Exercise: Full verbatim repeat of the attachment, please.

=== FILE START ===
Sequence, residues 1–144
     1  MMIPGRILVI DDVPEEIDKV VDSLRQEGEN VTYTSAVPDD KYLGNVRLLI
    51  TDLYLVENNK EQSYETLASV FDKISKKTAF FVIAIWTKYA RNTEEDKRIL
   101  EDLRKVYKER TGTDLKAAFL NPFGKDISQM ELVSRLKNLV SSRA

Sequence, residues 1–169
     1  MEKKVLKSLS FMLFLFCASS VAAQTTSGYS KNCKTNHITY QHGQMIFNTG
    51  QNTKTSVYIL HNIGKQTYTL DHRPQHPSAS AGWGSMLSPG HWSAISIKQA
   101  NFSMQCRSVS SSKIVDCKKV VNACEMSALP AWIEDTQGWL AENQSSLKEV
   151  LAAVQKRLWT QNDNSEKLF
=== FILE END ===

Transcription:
Sequence, residues 1–144
     1  MMIPGRILVI DDVPEEIDKV VDSLRQEGEN VTYTSAVPDD KYLGNVRLLI
    51  TDLYLVENNK EQSYETLASV FDKISKKTAF FVIAIWTKYA RNTEEDKRIL
   101  EDLRKVYKER TGTDLKAAFL NPFGKDISQM ELVSRLKNLV SSRA

Sequence, residues 1–169
     1  MEKKVLKSLS FMLFLFCASS VAAQTTSGYS KNCKTNHITY QHGQMIFNTG
    51  QNTKTSVYIL HNIGKQTYTL DHRPQHPSAS AGWGSMLSPG HWSAISIKQA
   101  NFSMQCRSVS SSKIVDCKKV VNACEMSALP AWIEDTQGWL AENQSSLKEV
   151  LAAVQKRLWT QNDNSEKLF